By Ian Berger, JD
IRA Analyst
Follow Us on X: @theslottreport

Retirement plan funds are designed for retirement, but Congress continues to make it easier for employees to pull out those funds while still working. The SECURE 2.0 law adds several new in-service withdrawals that can be made from 401(k), 403(b) and 457 plans. The law also  relaxes some of the rules for traditional hardship withdrawals from these plans.

New SECURE 2.0 In-Service Withdrawals

The new in-service withdrawal options are for: federally-declared disaster expenses; terminal illness; victims of domestic abuse; and emergency expenses. (In-service withdrawals to pay long-term care premiums become available in 2026.) Note that plans are not required to offer withdrawals for any of these reasons. But if offered, these new SECURE 2.0 withdrawals can be made before age 59 ½ —without paying the 10% early distribution penalty.

SECURE 2.0 Changes to Traditional Hardship Withdrawals

Traditional hardship withdrawals from 401(k) and 403(b) plans have always been required to satisfy three conditions:

  • The withdrawal must be for an “immediate and heavy financial need.” Most plans allow employees to automatically satisfy this requirement if their expense fits into one of seven “safe harbor” categories: medical expenses; home purchase costs; post-secondary educational expenses; payments necessary to prevent eviction or mortgage foreclosure; funeral expenses; expenses to repair home damage; and disaster-related expenses and loses.
  • The amount of the hardship request can’t more than is necessary to cover the expense.
  • The employee can’t have enough cash or other assets readily available to cover the expense.

457(b) plans are subject to a stricter standard than the 401(k)/403(b) standard: the expense must have resulted from an “unforeseeable emergency.”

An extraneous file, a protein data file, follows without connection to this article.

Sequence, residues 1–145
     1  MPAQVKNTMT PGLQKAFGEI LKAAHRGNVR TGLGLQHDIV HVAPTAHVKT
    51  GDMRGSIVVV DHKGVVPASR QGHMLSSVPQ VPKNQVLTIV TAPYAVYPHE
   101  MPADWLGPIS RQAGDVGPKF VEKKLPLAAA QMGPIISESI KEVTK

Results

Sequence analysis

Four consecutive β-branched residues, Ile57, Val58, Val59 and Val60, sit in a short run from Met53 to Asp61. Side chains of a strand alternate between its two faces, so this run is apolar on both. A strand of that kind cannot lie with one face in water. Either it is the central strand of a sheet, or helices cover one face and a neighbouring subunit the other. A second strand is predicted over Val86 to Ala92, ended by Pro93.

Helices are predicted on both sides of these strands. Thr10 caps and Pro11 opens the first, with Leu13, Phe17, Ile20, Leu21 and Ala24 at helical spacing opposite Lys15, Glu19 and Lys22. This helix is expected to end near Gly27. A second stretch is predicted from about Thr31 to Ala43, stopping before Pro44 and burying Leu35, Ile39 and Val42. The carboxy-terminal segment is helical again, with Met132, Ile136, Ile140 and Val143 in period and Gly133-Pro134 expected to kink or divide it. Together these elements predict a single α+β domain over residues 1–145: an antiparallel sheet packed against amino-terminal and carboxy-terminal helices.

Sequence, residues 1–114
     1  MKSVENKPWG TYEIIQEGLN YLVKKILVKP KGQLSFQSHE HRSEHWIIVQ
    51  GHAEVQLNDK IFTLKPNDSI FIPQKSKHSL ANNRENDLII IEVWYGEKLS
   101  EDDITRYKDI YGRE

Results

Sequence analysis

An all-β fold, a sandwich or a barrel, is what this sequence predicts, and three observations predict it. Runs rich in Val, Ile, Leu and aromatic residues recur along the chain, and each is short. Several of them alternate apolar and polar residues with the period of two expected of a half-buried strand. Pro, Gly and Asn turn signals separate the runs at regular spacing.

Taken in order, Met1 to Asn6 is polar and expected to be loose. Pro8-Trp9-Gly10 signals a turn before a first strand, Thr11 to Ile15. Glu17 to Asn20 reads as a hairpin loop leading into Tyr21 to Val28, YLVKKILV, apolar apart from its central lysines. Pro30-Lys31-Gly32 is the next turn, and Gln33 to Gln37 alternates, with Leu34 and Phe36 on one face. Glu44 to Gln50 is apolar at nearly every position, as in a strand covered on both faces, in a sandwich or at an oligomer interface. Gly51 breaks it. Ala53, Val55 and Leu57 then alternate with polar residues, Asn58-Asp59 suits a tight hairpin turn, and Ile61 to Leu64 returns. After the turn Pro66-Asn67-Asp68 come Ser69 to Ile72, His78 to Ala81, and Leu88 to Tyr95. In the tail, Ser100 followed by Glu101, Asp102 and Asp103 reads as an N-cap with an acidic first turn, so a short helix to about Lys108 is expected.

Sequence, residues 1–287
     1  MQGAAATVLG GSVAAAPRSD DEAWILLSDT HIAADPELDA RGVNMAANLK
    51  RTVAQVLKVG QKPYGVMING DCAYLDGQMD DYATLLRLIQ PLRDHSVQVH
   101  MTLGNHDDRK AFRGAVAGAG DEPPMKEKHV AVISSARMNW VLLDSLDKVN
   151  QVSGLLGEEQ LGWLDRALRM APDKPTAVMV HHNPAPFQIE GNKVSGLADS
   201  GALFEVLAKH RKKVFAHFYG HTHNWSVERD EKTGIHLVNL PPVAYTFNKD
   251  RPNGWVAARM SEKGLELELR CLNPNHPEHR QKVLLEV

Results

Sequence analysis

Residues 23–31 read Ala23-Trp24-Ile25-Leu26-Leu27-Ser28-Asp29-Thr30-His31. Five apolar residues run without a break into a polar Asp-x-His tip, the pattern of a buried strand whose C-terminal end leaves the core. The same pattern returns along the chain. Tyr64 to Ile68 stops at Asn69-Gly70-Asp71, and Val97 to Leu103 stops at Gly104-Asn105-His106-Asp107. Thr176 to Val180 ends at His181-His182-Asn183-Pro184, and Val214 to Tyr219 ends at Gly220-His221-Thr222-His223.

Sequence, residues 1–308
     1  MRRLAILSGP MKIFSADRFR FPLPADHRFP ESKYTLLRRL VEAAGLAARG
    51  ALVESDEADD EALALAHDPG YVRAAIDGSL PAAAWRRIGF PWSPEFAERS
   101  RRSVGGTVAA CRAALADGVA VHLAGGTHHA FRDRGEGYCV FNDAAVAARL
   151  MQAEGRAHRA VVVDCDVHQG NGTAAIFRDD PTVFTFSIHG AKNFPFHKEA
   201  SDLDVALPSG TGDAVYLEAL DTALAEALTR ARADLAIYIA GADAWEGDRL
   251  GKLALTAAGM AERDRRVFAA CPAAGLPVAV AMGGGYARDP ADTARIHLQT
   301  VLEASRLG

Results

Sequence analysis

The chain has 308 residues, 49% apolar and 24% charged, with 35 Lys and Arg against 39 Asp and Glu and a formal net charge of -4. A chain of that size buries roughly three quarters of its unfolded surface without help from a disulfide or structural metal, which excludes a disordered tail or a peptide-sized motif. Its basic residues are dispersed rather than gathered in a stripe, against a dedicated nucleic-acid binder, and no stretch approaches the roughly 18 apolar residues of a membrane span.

Starting in 2023, the SECURE 2.0 law permitted 401(k) and 403(b) plans to allow employees to self-certify that all three of these conditions have been met. 457(b) plans can also allow self-certification to demonstrate an unforeseeable emergency. Although self-certification is optional, not mandatory, most plans will welcome it as a way of taking a big administrative burden off their plate.

SECURE 2.0 also gave 403(b) participants more access to their accounts for hardship withdrawals. Before 2024, 401(k) hardship withdrawals could be made from all plan accounts, but 403(b) withdrawals could only come from employee salary deferrals (without earnings). In addition, 403(b) participants were required to obtain plan loans before receiving a hardship distribution, but 401(k) participants were not. Effective for 2024, SECURE 2.0 makes the 403(b) hardship withdrawal rules the same as the 401(k) rules.

Taxes and Penalties

Keep in mind that in-service withdrawals of pre-tax funds, whether traditional hardship withdrawals or SECURE 2.0 withdrawals, are taxable. And, while SECURE 2.0 withdrawals are never subject to the 10% penalty, traditional hardship withdrawals may be subject to penalty if made before age 59 ½.